For me, and thankfully for Charlotte, "Where the Wild Things Are" is the book equivalent of a raucous trumpet solo right in the middle of a piece of classical music. A thumb print on a white painted wall in an art gallery, or a pool of tomato ketchup pooling underneath a child's seat at dinner. Naughty, uproarious and thoroughly way, way ahead of its time. A lot like Sendak himself then.

RIP Maurice. I won't finish this review with the trite cliched quote from your book that countless others have used (about the supper still being hot) but I'll tug my collar in deep respect of someone whose work will stand the test of time.

Charlotte's best bit - The uproarious jungle dance of Max and the Beasts

Daddy's favourite bit - Crosshatching to die for

Rating - 4.5 out of 5 stars.

Tuesday, May 8, 2012

Dogs Don't Do Ballet by Anna Kemp and Sara Ogilvie (Simon and Schuster Children's Books)














I'm a cat person. My lovely wife is a cat person but Charlotte? Ahhh I think if it came down to a straight choice between dogs and cats she'd choose dogs. Why? Well secretly because Dogs can do ballet while cats would probably turn their nose up at a tutu.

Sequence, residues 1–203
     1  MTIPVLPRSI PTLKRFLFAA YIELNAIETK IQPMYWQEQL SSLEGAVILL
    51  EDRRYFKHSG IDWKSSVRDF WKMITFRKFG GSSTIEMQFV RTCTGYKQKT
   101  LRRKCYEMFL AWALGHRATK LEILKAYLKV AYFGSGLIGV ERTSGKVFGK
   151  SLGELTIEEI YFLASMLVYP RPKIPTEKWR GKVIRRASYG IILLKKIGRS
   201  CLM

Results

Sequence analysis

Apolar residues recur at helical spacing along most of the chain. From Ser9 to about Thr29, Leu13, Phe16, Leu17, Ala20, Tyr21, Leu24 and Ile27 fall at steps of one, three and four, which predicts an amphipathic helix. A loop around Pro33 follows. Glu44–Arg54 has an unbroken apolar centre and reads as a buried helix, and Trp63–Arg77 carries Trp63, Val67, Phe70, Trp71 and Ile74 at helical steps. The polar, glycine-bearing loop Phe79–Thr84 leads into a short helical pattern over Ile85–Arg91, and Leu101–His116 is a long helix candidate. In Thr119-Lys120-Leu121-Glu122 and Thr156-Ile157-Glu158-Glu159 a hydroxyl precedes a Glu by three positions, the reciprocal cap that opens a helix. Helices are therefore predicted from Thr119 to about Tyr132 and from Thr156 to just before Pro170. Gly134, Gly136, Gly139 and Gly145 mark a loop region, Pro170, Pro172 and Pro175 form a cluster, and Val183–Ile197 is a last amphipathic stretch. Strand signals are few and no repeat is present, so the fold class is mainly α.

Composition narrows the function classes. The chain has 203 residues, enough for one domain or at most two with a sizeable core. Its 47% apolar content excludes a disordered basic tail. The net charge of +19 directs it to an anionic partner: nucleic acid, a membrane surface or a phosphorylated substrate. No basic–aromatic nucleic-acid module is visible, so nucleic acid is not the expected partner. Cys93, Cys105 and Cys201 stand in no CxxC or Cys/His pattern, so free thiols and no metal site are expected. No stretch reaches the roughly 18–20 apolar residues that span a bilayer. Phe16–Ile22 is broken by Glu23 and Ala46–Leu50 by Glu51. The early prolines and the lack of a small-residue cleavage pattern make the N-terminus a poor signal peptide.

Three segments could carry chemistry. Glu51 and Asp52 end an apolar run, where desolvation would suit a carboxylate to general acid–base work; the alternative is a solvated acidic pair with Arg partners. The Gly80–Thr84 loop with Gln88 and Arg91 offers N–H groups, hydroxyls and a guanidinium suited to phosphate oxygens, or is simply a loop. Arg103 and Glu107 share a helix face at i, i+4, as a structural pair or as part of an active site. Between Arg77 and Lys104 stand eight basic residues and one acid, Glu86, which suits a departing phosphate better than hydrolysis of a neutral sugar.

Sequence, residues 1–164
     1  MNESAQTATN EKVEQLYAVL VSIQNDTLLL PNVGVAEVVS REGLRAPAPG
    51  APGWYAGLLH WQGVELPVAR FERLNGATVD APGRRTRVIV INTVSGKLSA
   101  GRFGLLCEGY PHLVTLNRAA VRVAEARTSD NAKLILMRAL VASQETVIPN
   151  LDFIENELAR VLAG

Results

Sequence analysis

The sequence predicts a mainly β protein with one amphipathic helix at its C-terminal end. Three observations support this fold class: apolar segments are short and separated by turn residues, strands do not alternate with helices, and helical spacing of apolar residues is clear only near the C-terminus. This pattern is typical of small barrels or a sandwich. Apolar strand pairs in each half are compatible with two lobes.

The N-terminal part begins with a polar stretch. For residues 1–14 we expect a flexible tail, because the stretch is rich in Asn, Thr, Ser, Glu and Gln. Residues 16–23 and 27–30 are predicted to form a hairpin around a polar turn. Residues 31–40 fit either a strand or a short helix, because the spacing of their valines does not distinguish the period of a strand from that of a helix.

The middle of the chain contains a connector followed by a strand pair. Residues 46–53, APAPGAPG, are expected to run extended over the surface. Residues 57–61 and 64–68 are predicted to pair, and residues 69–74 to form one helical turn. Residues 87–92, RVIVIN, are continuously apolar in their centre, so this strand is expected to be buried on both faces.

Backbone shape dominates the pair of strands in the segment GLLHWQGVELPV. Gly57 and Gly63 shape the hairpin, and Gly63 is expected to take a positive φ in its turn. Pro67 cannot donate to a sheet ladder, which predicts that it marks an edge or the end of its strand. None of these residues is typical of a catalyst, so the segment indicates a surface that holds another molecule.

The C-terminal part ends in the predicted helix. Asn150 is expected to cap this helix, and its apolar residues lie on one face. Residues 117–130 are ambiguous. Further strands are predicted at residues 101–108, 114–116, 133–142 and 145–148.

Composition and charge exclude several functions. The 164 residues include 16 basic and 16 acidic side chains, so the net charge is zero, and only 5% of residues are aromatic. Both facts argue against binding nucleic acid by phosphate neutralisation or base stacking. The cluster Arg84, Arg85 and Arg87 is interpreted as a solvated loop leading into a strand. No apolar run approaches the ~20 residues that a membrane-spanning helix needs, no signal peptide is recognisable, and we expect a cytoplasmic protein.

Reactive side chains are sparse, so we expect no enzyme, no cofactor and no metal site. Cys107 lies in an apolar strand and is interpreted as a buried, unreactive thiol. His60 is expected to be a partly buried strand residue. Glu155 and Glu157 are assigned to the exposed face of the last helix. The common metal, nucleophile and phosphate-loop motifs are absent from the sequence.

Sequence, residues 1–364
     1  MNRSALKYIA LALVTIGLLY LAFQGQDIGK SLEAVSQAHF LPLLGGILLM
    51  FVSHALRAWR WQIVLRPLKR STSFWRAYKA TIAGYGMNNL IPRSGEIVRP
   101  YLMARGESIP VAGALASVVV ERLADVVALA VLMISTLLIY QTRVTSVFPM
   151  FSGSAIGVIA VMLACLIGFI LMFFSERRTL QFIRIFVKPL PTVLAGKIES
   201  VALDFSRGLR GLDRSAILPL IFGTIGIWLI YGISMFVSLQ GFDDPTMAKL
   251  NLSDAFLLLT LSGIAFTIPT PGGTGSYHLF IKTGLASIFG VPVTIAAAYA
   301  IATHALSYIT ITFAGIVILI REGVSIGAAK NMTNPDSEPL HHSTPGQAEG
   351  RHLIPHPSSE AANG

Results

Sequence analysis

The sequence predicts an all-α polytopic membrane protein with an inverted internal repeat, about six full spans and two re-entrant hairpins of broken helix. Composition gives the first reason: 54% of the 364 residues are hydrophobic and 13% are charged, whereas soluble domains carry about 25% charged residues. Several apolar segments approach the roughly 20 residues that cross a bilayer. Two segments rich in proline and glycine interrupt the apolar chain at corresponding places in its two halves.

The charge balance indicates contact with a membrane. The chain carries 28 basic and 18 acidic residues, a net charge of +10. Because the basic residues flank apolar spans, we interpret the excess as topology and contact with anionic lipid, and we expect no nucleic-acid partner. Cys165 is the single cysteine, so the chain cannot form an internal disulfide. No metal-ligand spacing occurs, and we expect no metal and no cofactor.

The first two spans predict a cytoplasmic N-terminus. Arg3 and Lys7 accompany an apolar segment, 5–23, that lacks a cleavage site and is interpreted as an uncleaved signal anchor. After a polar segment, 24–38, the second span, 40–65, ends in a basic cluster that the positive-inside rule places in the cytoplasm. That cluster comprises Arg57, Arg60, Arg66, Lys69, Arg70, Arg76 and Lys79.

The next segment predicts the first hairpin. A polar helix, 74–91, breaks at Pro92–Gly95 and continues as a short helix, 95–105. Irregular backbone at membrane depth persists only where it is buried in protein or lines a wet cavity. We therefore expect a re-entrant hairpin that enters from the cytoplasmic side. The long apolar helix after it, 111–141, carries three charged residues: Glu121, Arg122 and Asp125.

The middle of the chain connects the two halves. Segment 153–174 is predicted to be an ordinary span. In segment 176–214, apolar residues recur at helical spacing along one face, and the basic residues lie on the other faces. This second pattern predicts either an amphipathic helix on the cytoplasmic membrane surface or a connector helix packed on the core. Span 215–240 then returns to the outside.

In Anna Kemp and Sara Ogilvie's excellent (and quite touching) book, a little dog who does not chase cars (or postmen), does not lick or scratch inappropriate places but dreams of the Royal Ballet is the undisputed star of a rather sweet little story of saving the day, canine style.

We've previously covered Kemp and Ogilvie's excellent "The Worst Princess" and "Dogs Don't Do Ballet" is another hit with us, so much so that it's this week's book of the week.

Despite a naysayer dad, and lots of rather sniffy Ballet Class types, the little dog sashays with the best of them. What happens when the dog makes a debut on stage?

Find out in the book!

Charlotte's best bit: The dog's lovely tutu.

Daddy's favourite bit: The various lengths the little doggy goes to in order to avoid detection during Ballet Classes.

Rating: 5 out of 5 stars, Book of the Week

Pumpkin Moon by Tim Preston and Simon Bartram (Templar Publishing)














An odd book this, and it's one of those rare cases where I wish I could split the scores for illustration and text into two categories.